Tuesday, September 27, 2022

Bears and Poop


   Poop # 1

"The school could fail," said one of the founding parents of The Kids' Place childcare center, but that was before the Ziplock bag of bear poop showed up in the sharing box early September of our first year—eliciting an uproarious delight of giggles and touching off an argument between the sharer and another knowledgeable child about whether the poop was pooped by a brown bear or a black bear, a detail that warranted a month-long study of bears, culminating with that founding parent saying, "I don't think we need to buy all those brightly-colored plastic toys to attract parents; if you can make curriculum from poop, I think the school will survive."
The bears in my neighborhood—same neighborhood as that of the infamous Ziplock bag of poop—have created some of the most gorgeous scat this summer. The photo above of poop (pressed flat by a tire in the middle of the road) looks like the bear had raided a bowl of Trix cereal. I was confused until I heard a bear has been raiding birdfeeders, even carrying the feeders themselves off into the woods.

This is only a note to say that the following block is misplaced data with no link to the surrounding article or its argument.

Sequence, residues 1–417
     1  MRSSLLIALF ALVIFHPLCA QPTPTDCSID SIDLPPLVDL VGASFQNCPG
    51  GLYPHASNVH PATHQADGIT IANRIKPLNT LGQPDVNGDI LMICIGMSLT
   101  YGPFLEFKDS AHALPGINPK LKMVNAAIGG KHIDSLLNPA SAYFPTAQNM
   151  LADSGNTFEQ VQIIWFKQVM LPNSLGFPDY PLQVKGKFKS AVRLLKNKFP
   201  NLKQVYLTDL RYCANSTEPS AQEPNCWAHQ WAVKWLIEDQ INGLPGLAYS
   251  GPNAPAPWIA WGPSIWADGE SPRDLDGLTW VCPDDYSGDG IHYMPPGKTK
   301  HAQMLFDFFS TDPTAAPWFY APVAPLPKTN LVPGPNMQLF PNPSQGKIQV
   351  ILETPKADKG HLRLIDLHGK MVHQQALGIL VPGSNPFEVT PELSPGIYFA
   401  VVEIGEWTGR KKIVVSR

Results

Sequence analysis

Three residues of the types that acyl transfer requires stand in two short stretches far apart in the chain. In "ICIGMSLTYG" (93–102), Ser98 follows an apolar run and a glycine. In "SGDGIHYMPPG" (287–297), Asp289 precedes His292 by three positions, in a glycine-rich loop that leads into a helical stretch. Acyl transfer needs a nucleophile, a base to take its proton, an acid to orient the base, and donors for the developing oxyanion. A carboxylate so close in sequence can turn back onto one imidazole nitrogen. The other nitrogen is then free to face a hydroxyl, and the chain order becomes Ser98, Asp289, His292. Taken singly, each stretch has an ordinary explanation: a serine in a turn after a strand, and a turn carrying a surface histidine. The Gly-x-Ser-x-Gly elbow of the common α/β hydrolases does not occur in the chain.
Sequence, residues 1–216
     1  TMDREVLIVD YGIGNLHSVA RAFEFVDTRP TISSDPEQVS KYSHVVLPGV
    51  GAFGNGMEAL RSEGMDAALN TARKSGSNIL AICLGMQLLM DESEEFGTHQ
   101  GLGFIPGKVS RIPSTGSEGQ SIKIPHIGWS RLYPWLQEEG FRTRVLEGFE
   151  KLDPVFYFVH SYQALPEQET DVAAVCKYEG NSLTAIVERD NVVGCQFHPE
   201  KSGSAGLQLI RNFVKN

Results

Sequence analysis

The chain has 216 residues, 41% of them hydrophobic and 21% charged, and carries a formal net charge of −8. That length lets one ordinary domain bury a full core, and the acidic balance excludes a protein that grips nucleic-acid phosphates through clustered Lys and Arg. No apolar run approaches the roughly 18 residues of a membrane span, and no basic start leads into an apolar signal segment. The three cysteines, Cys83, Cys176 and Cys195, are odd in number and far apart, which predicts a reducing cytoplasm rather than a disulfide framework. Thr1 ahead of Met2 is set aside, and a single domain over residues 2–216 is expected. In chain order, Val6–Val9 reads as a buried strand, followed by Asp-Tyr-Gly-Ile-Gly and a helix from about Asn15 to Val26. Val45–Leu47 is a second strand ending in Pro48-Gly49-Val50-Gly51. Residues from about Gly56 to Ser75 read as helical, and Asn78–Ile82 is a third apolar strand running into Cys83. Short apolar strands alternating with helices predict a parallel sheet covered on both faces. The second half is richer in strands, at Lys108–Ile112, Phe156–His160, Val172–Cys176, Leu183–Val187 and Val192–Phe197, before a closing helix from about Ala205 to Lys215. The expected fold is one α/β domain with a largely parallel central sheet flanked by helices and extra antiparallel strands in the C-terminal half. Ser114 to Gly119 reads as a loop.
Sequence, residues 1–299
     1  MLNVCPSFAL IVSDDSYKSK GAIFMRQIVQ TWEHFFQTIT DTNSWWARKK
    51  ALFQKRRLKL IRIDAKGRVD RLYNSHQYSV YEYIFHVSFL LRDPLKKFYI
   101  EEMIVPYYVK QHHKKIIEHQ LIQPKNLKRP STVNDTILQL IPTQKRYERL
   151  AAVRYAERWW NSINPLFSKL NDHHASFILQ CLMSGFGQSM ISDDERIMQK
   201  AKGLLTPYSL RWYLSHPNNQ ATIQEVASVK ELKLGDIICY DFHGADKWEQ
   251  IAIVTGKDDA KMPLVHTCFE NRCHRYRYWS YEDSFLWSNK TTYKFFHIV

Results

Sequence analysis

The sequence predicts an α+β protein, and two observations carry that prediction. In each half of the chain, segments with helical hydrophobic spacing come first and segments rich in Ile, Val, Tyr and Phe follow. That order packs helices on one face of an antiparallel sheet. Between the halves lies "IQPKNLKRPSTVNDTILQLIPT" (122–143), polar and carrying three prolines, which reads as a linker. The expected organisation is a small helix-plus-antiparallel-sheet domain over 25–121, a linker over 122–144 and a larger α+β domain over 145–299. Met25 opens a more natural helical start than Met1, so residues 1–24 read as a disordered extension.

Poop is a taboo topic among American adults. Entire books—illustrated ones at that—display rooms where we poop without ever mentioning the word poop or its euphemistic name “number two.” 

On a recent four-mile walk up the canyon, I passed two piles of bear poop, each unique. (Does even a bear find his poop aesthetically pleasing?)

Poop # 2

Poop # 3

I marveled at how mammals manufacture poop. How in the world our digestive systems can withdraw only what they need and eliminate the rest is a marvel. I thought about how “wild-grown” poop has its uses. Besides offloading extra useless weight for the animal, another benefit is that the poop becomes a part of the food chain for dung beetles and other insects. On closer inspection of last of the bear poop piles shown above, I saw a spider and ants wandering about like they were explorers on an outcropping of rock.  (Can you spot the spider?)

As of today, I have seen more piles of bear poop (three) than bears (one) this summer. I like that the bear poop piles significantly increase my bear “sightings." I think I will continue the tradition of tallying bear poop along with bear sightings. If the bears don’t appreciate their poop’s beauty, I will. And of course, I'll continue admiring the bears—black or brown.

A bear who visited a few years ago, eying me from a neighbor's cherry tree.